THE ART OF RESILIENCE: ARTIST NOTES FROM THE NEW YORK CITY
In the studio at the 4 World Trade Center located on the 28th floor at Silver Art Projects residency.
I have long wanted to explore the New York art scene and immerse myself in the energy of the city. I wrote about my desire to make the move in my Fall 2018 newsletter. Now two years later, I am finally writing to you from that great metropolis.
I was apprehensive about coming to New York, a city that was ravaged severely and early by the pandemic. After living and working here for three months, I don’t have the slightest doubt that it was the right move and that I’m better for it. Here’s why.
The move was precipitated by an incredible opportunity of being awarded a studio at the World Trade Center, as one of 24 artists in a residency program sponsored by Manhattan developer, Silverstein Properties. The World Trade Center was reborn out of tragedy due to the indomitable spirit of the people of New York, including visionaries like Larry Silverstein. This legacy resonated with me as I aspire to capture these qualities of heroism and ingenuity in my portraits of Machines.
New Yorkers are now facing yet another great challenge. The pandemic has killed over 20,000 people in the city and brought misery to many more. It has pushed the city close to the brink of economic and social collapse.
I am not an economist and my perspective is that of an immigrant and an artist. What I see on the streets of New York is resilience and strength. I have witnessed many acts of kindness, and feel a strong sense of community from the people of this great city. I bike from the West Village where I live to my studio in downtown Manhattan, and I couldn’t feel safer. I pass wonderful outdoor restaurants full of diners, fashionistas donning their fancy-brand masks, joggers along the river, and construction workers waving hello -- friendly as if Manhattan was a small town. At the same time, I realize that many people are struggling, including artists. I sense the anxiety and fear behind their face masks. Autumn in Manhattan is a wonderful thing, but winter is coming. The character of New Yorkers are being tested once again and I have no doubt they are up for the task. As a great city, New York has always endured and overcome tragedy to thrive again.
1918: Train conductors in New York, like many residents at the time, wore masks for protection against influenza. (US/National Archives)
Many are concerned about the long term implications of the pandemic on cities because of its associated accelerated adoption of internet technologies, which have made it possible for many to cope. In the new age of zoom conferencing, work from home, remote learning and other forms of ‘hermit tech’ -- Is there any benefit from living in such a densely populated place as New York? The case for cities by Harvard economics professor Edward Gleaser still holds, as laid out in his book “Triumph of the City: How Our Greatest Invention Makes Us Richer, Smarter, Greener, Healthier, and Happier.” These technologies have been a lifesaver for us all, but they cannot offer what a city like New York can -- serendipity of the unexpected chance encounters, exposure to diverse cultures and perspectives, and the spark of innovation that comes from the close proximity to a large number of entrepreneurial, hard-working, intellectually-curious people.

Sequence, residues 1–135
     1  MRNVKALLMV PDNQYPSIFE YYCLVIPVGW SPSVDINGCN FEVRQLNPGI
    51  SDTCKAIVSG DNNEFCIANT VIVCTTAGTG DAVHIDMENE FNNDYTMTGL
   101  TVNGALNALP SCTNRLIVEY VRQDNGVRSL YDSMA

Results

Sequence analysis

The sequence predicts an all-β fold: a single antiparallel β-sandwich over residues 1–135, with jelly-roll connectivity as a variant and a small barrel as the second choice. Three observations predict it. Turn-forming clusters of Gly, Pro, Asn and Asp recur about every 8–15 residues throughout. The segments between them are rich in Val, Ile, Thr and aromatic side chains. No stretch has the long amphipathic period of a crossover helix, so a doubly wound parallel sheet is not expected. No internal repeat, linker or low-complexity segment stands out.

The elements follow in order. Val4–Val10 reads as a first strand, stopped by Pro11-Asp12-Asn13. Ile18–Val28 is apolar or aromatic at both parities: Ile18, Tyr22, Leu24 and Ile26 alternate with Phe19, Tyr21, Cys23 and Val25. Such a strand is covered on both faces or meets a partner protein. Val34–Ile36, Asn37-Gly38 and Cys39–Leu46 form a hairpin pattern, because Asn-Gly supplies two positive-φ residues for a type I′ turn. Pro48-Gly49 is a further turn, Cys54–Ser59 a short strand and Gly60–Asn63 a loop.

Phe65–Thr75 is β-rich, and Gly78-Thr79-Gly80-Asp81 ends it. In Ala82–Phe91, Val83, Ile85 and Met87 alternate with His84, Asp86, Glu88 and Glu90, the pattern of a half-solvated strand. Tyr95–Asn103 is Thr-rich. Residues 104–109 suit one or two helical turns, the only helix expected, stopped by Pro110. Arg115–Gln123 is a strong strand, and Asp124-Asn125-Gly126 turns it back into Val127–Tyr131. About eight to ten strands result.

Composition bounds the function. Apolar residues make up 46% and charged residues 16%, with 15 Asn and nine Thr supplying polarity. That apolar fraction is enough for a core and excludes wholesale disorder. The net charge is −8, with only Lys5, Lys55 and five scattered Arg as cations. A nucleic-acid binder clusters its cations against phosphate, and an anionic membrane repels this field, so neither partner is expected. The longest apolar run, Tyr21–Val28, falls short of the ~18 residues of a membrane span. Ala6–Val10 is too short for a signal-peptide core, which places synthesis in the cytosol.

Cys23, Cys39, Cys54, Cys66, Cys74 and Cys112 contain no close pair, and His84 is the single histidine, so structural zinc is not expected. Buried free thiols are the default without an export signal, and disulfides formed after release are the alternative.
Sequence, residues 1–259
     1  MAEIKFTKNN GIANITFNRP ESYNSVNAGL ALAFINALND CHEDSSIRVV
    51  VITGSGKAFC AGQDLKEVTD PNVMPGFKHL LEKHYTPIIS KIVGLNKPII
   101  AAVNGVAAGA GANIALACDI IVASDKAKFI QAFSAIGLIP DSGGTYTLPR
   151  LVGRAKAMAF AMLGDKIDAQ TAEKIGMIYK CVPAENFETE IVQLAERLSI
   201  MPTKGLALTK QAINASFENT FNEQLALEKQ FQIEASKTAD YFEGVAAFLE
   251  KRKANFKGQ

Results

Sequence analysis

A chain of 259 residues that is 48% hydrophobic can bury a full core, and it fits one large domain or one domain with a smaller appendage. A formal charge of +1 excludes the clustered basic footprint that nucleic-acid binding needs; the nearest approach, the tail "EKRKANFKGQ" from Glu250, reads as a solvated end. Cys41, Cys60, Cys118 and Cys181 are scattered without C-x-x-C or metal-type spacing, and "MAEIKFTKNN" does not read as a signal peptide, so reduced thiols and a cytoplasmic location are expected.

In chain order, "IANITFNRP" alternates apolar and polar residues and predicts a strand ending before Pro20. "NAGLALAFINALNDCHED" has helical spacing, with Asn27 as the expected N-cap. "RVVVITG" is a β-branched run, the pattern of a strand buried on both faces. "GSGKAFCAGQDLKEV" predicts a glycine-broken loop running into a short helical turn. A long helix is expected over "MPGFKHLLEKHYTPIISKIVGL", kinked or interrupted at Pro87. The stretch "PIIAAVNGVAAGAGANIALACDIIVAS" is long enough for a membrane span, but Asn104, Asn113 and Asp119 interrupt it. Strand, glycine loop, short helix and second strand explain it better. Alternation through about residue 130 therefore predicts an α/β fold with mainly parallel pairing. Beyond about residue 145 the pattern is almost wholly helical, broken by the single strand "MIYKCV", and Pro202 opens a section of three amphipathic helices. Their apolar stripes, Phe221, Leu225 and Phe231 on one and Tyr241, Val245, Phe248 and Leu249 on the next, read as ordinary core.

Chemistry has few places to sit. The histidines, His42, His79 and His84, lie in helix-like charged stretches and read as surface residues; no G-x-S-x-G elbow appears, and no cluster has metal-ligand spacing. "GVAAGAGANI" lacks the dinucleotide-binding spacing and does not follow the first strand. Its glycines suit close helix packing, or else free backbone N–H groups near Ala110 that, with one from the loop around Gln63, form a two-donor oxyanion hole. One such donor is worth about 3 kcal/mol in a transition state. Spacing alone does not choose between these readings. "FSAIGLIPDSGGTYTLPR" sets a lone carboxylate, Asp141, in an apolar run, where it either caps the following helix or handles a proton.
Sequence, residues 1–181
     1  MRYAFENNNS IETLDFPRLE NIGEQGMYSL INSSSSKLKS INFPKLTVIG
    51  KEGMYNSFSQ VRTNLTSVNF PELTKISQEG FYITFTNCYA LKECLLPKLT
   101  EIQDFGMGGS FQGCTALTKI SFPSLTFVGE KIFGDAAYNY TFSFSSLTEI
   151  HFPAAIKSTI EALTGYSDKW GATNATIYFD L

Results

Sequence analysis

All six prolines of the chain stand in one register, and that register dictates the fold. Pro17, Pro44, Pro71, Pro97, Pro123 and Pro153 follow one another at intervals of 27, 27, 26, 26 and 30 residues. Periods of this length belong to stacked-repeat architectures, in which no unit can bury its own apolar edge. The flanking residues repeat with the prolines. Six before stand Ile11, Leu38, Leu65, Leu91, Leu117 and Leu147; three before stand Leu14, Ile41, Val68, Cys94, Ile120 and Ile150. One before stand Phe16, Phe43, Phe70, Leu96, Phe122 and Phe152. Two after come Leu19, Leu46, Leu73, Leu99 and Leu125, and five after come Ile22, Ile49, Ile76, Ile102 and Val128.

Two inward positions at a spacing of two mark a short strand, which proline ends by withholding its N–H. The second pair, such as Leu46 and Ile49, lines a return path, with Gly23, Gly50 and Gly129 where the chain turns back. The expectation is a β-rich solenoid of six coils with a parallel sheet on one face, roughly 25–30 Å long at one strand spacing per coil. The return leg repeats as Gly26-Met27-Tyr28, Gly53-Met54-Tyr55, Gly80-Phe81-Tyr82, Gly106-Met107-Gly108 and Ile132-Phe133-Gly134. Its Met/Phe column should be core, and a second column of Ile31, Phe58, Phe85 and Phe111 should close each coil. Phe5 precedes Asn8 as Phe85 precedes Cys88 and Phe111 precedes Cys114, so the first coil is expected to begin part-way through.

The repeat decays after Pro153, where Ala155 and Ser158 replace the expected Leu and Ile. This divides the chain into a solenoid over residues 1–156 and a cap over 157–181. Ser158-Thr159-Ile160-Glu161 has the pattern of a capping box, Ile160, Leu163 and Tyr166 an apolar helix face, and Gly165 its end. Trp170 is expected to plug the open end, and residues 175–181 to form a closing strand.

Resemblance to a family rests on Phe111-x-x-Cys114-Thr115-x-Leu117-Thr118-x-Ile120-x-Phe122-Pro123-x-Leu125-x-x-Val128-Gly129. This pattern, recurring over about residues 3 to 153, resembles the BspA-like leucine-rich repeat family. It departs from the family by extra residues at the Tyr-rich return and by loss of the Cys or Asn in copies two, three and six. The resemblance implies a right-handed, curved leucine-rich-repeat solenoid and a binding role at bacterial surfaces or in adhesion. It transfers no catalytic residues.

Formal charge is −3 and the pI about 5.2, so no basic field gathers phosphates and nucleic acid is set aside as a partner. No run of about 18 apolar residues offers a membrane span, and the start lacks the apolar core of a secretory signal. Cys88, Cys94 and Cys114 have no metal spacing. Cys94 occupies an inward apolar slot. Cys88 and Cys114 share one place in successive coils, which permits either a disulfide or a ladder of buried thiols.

“I came to New York to study art, and to meet artists. And where do you find artists? In bars", James Rosenquist writes in his autobiography Painting Below Zero. Demolished in 1964, the Cedar Tavern was a nondescript neighborhood bar on the west side of University Place. In the 1950s it became the favorite hangout of major artists.
As an artist, I depend for inspiration on the fertile environment that only a city can provide. New York has a rich history of bringing together experimental, vanguard artists living and working closely together, sharing studio spaces and exchanging ideas in cafes and bars. This has led to innovative art movements like the New York School in the 1950s, with Jackson Pollock, Mark Rothko, William de Kooning and Robert Motherwell at its center, and joined by the old guard of European surrealists like Marcel Duchamp who had come to New York to escape Nazi Germany. A couple decades later, New York’s ethos was a reason why Andy Warhol opened the Factory on East 47th Street and took the art of serendipity to a whole new level. Most of his best work was created there (Campbell Soup, Marylin Diptych) and even though he was forced to relocate three times, he always insisted on staying in Manhattan. The Factory was a hub for creatives, celebrities, subcultures - a microcosm of what makes New York New York.
How will artists capture the zeitgeist of the new, post-pandemic New York? Lower housing costs and more available studio spaces may lead to a great revival of the New York art scene. And if the past is a predictor of the future, the rest of the city will follow. The New York art scene has endured many catastrophes and setbacks, as a great laboratory for artistic experimentation, and will heroically rise to the occasion again!
“This is the uniquely human need, what man everywhere is really all about—each person’s need to be an object of primary value, a heroic contributor to world-life—the heroic contributor to the destiny of man.” ― Ernest Becker, The Birth and Death of Meaning: An Interdisciplinary Perspective on the Problem of Man